Wilson has played first base and the corner outfield slots over the past several seasons. His 2003-2007 UZR numbers put him at +4 runs/season at first base, -9 runs/season in right field, and -41 runs/season in left field. I'm guessing the latter is a sample size aberration, so I'll say ~+0.5 wins/season at first, and -1.0 wins/season in the corner outfield. In other words, he really should only be playing first base.

Projected Value

Overall, if we take his 3-year average offensive rates and extrapolate to a full season, he's about a +1.5 WAR hitter, a +0.5 wins fielder (at first base), and he gets a -1.0 win value penalty for being a first baseman. That puts him at ~1.0 WAR. If we subtract another 0.5 wins for where he is on the aging curve, that gives a fairly reasonable projection for him next year of ~0.5 wins above replacement. And that's in a full season of work.

I'd put pretty big error bars around that, however. If he can hit like he did '05, he could be a +1-1.5 WAR player. And, of course, he could be well below replacement. Certainly a fine guy to take a rider on, given that he costs nothing for the time being. We'll see what the Reds' scouts think of him in spring training.
Photo by the AP

Saturday, February 09, 2008

THT Season Preview 2008

I'm excited to announce that the The Hardball Times Season Preview has been published!

This past offseason, I was very pleased be re-invited to contribute the chapter on the Cincinnati Reds for the second edition of this book. In last year's book, my contribution was a 3-page summary of the Reds strengths and weaknesses, player movement, and likely results moving forward into the season. The result of my and the other authors' work was a very useful publication that I referred to time and time again throughout last season.

This year, we've done it one better--or, you could say, 900 better! In addition to a similar-format team essay, each writer was asked to put together comments on roughly 30 players on his/her team (~900 players altogether). My contributions include concise, yet detailed analysis of everyone from Brandon Phillips and Aaron Harang to Joey Votto and Johnny Cueto. As a sample, here are my comments on phenom prospect Jay Bruce:
The 2007 Baseball America and Sporting News Minor League Player of the Year skyrocketed through the minors last year, starting in A-ball and reaching (and dominating) AAA by the end of the season. As arguably the #1 prospect in the country, Bruce has achieved near-godlike status among Reds fans, and his arrival in Cincinnati--whenever it happens--may end up being the biggest event of the year. The Reds tend to handle their prospects conservatively, so it seems unlikely that Bruce will make the team out of spring training. Nevertheless, the trade of Josh Hamilton opens a major hole in center field, and Bruce has a way of advancing faster than the Reds seem to anticipate. No matter what, he seems like a lock to arrive by mid-season. When he does arrive, he may have some initial struggles, as some have voiced concerns about his ability to make consistent contact early on. But he's only 20 years old, he's got a lot of room to improve, and THT's projections indicate that he's already capable of putting up plus offensive numbers. It's going to be fun to watch this kid develop.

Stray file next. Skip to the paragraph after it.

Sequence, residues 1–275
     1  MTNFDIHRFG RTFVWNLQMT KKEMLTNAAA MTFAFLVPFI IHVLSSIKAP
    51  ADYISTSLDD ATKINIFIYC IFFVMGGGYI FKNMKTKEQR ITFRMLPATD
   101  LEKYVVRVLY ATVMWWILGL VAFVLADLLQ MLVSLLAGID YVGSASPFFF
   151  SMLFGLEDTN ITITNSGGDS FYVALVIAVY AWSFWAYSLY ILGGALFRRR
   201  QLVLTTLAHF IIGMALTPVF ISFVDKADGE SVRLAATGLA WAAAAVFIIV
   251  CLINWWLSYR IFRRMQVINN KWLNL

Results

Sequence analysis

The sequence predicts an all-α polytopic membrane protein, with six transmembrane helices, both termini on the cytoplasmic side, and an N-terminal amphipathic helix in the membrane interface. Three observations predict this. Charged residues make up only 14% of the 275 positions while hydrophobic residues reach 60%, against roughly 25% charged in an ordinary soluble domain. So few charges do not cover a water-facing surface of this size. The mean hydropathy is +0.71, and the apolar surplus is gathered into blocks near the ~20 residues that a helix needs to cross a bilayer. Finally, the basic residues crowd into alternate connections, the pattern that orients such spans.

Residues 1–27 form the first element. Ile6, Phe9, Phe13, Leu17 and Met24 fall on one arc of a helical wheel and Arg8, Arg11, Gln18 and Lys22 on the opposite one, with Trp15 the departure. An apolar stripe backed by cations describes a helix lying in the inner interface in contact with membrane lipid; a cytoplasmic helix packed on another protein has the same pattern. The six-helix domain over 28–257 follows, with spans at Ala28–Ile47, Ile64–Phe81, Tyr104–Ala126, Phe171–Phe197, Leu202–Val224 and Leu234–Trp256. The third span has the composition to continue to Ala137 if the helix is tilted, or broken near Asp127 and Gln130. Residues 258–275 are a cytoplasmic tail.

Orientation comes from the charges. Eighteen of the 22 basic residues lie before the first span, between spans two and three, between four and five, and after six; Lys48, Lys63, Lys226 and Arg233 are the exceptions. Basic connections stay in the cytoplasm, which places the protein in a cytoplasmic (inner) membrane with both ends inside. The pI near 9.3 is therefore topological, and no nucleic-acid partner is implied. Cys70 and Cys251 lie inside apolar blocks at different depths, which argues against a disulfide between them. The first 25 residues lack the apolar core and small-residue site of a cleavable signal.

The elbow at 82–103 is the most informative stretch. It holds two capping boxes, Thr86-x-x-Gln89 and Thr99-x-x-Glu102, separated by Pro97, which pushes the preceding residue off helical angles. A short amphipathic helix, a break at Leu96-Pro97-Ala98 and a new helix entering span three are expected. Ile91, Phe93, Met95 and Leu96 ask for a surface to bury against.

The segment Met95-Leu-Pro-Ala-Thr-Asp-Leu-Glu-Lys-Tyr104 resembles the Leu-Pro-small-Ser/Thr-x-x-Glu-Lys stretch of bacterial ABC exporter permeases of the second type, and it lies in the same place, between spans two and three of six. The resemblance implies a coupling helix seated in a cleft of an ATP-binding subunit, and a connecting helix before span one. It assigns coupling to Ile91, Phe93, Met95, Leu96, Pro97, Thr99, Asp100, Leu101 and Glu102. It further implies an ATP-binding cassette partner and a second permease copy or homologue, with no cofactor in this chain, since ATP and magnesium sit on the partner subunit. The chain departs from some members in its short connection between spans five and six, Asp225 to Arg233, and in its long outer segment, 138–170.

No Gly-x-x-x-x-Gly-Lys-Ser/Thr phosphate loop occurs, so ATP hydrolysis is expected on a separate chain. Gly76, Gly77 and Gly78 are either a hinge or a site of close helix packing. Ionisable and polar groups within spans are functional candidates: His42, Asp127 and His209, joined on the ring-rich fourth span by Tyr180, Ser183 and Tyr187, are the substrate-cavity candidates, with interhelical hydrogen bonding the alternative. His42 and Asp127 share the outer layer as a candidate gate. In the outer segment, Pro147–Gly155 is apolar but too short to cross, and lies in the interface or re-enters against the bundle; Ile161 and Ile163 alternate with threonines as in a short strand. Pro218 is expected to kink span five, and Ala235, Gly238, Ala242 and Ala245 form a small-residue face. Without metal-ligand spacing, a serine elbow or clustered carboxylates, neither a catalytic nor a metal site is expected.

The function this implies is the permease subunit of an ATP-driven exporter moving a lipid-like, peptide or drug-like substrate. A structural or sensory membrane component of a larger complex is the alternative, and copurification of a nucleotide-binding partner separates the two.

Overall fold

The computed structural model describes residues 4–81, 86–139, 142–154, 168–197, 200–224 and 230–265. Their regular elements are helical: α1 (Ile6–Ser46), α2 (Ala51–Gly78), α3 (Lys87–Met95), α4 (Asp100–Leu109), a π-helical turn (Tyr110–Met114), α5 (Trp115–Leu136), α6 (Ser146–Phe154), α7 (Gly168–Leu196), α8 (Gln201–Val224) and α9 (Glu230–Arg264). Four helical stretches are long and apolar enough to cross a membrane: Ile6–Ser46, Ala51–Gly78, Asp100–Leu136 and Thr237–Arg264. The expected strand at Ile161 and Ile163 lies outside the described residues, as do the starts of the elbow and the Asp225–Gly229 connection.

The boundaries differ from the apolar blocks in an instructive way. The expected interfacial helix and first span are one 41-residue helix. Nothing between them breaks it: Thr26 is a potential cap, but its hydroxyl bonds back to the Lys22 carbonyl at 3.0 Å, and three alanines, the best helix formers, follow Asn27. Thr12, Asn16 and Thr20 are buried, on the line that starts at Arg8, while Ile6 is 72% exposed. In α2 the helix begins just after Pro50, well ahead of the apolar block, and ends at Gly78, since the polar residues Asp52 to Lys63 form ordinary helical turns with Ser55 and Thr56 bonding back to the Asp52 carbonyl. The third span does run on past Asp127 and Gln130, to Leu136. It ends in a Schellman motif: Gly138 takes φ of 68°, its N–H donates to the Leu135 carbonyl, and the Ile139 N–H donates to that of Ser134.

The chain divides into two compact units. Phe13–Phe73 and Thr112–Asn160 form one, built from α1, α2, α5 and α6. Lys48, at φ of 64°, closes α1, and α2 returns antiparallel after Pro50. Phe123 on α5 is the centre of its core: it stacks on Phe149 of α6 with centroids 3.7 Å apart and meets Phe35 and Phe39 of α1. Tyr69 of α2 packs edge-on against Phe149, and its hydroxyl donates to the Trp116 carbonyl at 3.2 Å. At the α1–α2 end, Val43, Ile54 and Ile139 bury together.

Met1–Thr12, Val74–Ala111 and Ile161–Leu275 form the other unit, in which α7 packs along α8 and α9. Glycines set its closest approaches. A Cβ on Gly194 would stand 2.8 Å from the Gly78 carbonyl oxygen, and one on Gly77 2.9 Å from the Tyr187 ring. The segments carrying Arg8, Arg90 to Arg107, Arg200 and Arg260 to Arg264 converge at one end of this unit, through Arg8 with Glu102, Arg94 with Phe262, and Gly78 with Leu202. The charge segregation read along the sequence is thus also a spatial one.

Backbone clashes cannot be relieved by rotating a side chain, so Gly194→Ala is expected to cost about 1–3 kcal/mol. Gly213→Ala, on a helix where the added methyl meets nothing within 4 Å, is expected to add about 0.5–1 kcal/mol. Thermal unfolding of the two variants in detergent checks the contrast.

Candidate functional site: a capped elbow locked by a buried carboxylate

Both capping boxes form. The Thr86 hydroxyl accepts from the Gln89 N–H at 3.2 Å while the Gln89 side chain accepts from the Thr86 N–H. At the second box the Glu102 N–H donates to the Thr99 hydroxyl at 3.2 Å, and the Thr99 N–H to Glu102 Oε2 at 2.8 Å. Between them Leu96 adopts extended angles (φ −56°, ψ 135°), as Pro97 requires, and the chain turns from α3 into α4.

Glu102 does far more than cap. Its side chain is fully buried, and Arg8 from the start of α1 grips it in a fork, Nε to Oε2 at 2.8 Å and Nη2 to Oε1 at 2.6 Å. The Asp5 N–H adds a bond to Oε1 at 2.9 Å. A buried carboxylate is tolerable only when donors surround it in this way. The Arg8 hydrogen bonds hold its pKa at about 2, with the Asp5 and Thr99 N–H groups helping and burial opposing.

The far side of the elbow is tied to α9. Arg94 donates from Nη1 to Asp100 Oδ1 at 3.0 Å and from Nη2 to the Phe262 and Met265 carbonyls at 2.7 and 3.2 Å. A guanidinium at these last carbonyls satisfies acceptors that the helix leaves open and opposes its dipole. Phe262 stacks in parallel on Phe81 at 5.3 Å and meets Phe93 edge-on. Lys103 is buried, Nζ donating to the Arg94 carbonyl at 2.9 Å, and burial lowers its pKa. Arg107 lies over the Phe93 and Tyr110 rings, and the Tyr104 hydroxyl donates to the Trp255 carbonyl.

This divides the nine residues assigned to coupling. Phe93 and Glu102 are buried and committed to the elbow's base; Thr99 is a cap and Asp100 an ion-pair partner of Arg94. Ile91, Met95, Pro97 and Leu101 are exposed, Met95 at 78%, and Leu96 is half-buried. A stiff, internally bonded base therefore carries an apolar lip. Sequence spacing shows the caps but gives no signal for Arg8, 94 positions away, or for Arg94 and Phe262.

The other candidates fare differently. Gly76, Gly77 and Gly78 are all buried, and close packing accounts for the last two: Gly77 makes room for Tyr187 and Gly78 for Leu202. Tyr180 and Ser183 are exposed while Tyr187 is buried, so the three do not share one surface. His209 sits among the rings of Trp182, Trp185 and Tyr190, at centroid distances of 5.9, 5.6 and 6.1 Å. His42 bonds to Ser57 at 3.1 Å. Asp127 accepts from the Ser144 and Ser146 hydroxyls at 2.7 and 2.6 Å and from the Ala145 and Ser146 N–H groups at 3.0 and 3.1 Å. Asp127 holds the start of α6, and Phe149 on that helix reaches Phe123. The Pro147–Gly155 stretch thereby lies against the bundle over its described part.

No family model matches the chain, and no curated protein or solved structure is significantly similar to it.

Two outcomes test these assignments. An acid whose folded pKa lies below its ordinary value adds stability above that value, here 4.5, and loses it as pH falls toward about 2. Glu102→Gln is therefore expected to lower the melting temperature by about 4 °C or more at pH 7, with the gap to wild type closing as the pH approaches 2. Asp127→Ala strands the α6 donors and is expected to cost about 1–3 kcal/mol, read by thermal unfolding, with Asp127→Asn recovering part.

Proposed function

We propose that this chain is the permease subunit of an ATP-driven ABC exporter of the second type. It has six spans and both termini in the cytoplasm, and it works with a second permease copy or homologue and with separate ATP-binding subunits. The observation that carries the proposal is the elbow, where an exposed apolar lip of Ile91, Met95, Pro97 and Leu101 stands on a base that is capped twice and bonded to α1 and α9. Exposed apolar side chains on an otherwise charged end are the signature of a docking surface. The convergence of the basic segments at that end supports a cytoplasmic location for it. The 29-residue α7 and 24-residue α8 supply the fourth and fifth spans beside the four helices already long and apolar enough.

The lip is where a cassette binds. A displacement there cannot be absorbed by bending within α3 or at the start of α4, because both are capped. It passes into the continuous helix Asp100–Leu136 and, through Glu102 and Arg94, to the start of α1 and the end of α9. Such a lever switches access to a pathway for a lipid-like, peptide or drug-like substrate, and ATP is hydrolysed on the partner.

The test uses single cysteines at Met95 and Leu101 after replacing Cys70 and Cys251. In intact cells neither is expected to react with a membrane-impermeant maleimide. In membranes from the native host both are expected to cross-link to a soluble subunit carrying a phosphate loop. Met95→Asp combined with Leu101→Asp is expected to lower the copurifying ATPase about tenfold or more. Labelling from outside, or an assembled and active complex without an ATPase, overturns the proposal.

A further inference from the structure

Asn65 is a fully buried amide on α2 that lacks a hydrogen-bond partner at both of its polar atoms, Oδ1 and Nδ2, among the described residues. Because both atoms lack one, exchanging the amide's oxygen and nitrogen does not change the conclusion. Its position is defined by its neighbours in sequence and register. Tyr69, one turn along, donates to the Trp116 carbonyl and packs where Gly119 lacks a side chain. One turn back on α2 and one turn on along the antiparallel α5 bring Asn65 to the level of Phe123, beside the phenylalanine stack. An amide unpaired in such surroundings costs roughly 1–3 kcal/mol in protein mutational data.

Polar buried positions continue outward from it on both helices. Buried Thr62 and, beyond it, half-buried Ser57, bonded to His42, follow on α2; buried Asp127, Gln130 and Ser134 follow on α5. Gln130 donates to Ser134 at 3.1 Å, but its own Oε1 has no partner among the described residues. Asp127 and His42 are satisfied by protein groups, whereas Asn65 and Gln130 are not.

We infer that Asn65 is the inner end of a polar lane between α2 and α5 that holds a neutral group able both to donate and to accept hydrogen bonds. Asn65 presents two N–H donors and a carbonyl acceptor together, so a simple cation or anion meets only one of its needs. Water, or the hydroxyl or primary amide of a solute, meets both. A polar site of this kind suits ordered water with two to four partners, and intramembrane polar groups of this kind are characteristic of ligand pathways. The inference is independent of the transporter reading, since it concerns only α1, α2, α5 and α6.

The combined efforts of myself and 29 other authors is a 240-page book containing team essays and comments on roughly 900 players written by the people who live and die with their teams every single day. Add to that an improved, sophisticated 3-year projection system by Gassko and Constancio, and you've got a heck of a resource to keep handy throughout the 2008 season.

David Gassko has posted a more detailed overview of the book here, as well as excerpts from one of the team chapters, so that you can get a good handle on what you're purchasing. I really do think that this may be the best season preview book on the market.

You will be able to find the book in your local fine bookstore soon. However, we'd really appreciate it if you would instead purchase it through our publisher, ACTA Sports, as THT receives almost no money from purchases through other venues. Thanks, happy reading, and feel free to discuss the book in the comments here if you wish!

Thursday, February 07, 2008

2008 Reds Spring Training Preview

I was graciously asked to contribute a short article for a new Spring Training 2008 website, which you can read here.

In the article, I (try to) forecast the Reds' starting lineup, rotation, and bullpen for opening day, and also break down the key battles we'll likely see in spring training. Feel free to comment on my takes either here, or at that website.

Brian, who also writes at (obligatory quip: how a Yankee fan can claim to be "depressed" is beyond me...), is organizing the Spring Training 2008 website. He is currently soliciting similar articles from bloggers for other teams. As I write this, at least for the NL Central, there are articles posted for the Cubs and Cardinals. I'm sure that we'll see articles for other teams soon.

Sunday, February 03, 2008

Most valuable infielders - 2007 Reds minor leagues

In his most recent column, Dan Fox released a spreadsheet with 2007 minor league fielding stats for infielders (outfielders are still in revision--sorry, no Jay Bruce stats yet) using his Simple Fielding Runs (SFR) approach.